Two strategies to engineer flexible loops for improved enzyme thermostability

Conference Dates

September 24-28, 2017


The stereospecifically controlled carbon-carbon bond forming ability of Escherichia coli transketolase (TK) makes it very promising as a biocatalyst in industry. However, as a mesophilic enzyme the enzyme suffers the limitation of low stability to elevated temperatures and extremes of pH, limiting its current use in industrial processes. Flexible sites are potential targets for engineering the stability of enzymes. Nevertheless, the success rate of the rigidifying flexible sites (RFS) strategy is still low due to a limited understanding of how to determine the best mutation candidates. In this study, two parallel strategies were applied to identify mutation candidates within the flexible loops of TK. The first was a “back to consensus mutations” approach, and the second was computational design based on ΔΔG calculations in Rosetta. Forty-nine single variants were generated and characterised experimentally. From these, three single-variants I189H, A282P, D143K were found to be more thermostable than wild-type TK. The combination of A282P with H192P, a variant constructed previously, resulted in the best all-round variant with a 3-fold improved half-life at 60 °C, 5-fold increased specific activity at 65 °C, 1.3-fold improved kcat and a Tm increased by 5 °C above that of wild type. Based on a statistical analysis of the stability changes for all variants, the qualitative prediction accuracy of the Rosetta program reached 65.3%. Furthermore, molecular dynamics (MD) simulations of variants confirmed a good inverse correlation between protein stability and local flexibility which was determined by the magnitude of fluctuations with respect to the average conformations. Both of the two strategies investigated were useful in guiding mutation candidates to flexible loops, and had the potential to be used for other enzymes.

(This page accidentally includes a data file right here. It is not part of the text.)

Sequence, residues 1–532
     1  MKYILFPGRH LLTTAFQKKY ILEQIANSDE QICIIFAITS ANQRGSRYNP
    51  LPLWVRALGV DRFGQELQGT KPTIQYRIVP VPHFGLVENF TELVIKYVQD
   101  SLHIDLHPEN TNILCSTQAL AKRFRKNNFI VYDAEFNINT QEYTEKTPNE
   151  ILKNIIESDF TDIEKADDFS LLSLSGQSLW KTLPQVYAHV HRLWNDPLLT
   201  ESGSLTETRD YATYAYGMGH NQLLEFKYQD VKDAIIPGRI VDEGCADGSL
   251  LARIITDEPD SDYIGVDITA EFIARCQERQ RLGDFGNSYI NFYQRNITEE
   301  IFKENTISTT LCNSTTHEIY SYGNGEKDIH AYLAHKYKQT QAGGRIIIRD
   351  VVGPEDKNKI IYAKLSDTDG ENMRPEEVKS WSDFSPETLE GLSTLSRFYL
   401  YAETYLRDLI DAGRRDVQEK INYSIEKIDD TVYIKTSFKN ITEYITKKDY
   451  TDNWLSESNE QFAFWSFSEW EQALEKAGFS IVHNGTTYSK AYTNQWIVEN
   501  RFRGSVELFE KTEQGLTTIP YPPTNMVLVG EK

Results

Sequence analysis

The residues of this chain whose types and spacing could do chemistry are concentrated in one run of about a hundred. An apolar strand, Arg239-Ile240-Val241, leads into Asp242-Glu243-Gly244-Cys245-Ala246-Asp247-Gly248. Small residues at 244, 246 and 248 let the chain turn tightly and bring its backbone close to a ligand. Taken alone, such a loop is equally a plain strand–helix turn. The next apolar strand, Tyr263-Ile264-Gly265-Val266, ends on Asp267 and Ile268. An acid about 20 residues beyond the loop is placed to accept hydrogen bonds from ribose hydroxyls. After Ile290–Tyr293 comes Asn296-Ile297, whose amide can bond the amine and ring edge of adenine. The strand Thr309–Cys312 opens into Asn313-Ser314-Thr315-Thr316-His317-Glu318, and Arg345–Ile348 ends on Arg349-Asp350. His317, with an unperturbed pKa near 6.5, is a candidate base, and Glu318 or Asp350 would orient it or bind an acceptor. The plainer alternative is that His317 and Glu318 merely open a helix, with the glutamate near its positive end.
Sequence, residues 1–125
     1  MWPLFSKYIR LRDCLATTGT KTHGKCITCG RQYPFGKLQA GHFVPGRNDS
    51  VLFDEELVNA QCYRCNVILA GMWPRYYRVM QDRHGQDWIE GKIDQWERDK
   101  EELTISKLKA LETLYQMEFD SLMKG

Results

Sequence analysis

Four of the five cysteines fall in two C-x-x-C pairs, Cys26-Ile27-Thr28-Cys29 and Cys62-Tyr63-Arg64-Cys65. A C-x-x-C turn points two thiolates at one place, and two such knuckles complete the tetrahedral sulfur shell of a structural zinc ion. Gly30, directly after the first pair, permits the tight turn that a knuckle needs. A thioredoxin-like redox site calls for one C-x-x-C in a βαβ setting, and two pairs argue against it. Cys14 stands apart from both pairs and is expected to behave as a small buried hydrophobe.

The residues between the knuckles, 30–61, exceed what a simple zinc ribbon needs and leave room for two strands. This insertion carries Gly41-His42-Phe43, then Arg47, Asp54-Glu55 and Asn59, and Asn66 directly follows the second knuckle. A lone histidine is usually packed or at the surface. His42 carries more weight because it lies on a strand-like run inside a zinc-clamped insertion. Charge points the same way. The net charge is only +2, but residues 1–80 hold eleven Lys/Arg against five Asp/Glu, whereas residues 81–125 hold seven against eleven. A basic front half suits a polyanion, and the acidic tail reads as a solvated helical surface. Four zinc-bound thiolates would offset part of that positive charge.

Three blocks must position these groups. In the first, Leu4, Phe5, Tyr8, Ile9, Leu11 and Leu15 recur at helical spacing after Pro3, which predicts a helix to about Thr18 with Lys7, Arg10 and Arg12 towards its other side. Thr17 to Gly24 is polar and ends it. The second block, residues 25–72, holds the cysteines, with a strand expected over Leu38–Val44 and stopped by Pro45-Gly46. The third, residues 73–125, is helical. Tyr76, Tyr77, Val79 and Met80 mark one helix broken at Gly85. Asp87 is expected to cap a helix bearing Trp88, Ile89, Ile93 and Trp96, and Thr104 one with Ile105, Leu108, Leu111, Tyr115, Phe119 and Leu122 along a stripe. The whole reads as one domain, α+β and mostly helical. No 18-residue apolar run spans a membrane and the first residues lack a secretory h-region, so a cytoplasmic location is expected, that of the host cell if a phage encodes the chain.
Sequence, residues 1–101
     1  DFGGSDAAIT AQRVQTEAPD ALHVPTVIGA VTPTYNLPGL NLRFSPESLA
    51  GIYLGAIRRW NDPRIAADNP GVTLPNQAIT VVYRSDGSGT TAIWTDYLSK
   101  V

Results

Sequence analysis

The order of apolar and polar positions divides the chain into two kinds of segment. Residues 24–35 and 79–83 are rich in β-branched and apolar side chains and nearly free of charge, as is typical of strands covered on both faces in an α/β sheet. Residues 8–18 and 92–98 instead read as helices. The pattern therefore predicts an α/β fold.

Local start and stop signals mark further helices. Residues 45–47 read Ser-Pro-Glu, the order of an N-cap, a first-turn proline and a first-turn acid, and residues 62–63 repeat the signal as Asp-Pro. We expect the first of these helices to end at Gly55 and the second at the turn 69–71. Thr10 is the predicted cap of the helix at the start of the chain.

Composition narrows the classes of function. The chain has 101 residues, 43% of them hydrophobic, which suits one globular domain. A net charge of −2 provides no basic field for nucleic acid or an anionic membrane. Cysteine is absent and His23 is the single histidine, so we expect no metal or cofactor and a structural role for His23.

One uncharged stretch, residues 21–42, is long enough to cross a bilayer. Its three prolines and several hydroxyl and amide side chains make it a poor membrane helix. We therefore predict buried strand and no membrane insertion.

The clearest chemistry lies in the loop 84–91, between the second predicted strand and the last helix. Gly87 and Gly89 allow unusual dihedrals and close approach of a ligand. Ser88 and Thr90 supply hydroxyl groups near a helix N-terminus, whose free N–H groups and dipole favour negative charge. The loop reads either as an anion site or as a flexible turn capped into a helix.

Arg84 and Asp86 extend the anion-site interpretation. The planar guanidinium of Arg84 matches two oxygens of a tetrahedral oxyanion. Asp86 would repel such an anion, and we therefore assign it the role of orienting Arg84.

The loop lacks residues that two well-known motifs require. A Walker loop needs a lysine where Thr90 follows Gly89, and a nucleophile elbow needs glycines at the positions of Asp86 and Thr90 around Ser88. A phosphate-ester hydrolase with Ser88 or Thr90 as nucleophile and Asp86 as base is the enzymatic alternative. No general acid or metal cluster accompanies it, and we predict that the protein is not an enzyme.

This document is currently not available here.